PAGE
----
1/7/2009 12:26:00 AM
For anyone reading the morning newspaper or web feed, the recent wave of massive job cut announcements have been startling. Just this morning, Alcoa announced 15,000 job cuts. That's a number I won't soon forget.
Job creation/destruction and entrepreneurship is a key area in which the Foundation has made investments over the last five years. We are not the first to look at this area, David Birch being perhaps the most famous, but it is a topic which remains not well understood nearly thirty years after his early work. Several recent papers from some of our grantees have confirmed using different data sets the relationship between net job creation and entrepreneurship. In "Turmoil and Growth: Young Businesses, Economic Churning, and Productivity Gains," Davis, Haltiwanger, and Jarmin show new establishments play an important role in job creation and that businesses that enter and survive the initial years as a business show strong employment growth. In "Do Small Businesses Create More Jobs? Evidence from the National Establishment Time Series," Neumark, Wall, and Zhang find that small businesses create more jobs in some industries but that it is a nuanced story which they continue to examine in forthcoming working papers which are as yet unreleased.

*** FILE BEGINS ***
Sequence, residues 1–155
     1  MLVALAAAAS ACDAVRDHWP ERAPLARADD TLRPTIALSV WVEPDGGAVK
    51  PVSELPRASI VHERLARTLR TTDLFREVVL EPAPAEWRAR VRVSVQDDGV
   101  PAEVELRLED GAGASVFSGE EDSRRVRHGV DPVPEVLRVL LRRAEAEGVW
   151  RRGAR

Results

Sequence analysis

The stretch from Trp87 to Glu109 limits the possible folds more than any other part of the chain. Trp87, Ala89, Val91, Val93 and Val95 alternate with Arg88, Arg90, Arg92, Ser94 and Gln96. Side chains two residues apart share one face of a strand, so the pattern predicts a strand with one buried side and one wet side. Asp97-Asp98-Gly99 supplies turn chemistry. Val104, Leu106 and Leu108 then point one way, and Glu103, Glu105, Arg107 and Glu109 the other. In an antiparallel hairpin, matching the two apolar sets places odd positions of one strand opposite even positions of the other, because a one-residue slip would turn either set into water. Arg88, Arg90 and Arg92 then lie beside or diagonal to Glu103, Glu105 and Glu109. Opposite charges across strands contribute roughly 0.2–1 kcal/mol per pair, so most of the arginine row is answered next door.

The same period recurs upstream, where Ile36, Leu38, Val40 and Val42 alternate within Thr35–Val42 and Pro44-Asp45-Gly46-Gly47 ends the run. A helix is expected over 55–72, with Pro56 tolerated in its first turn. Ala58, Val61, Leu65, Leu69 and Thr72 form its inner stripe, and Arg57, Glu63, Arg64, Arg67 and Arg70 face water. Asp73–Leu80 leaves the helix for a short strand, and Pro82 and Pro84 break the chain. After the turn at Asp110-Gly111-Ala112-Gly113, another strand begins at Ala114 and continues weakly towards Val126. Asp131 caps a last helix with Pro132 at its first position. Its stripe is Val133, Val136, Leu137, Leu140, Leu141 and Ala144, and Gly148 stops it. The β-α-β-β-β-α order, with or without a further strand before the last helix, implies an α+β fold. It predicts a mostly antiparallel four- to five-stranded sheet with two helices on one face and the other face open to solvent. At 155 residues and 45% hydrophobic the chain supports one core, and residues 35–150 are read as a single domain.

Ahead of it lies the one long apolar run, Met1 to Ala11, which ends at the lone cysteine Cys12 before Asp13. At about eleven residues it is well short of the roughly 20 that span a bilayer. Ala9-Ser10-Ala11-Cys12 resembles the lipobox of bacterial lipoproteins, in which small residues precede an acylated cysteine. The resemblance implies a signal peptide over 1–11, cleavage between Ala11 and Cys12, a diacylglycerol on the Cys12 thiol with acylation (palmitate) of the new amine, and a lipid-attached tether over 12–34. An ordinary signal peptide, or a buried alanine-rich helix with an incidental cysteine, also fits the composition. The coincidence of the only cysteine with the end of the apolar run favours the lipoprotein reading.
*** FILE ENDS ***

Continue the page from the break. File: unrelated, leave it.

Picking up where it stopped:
So if new firms or young firms are big contributors to job creation in the United States, why don't we read more about that? Most of the jobs created by entrepreneurship are added one or two at a time, in an often unheralded manner. The realities of this process make it inherently opaque to coverage. With more microdata available on this topic and better aggregated tables for researchers to mine, maybe this process can become more transparent to everyone? Certainly the U.S. Census Bureau's new series on job creation and destruction by state should prove useful, as should sites like YourEconomy.org.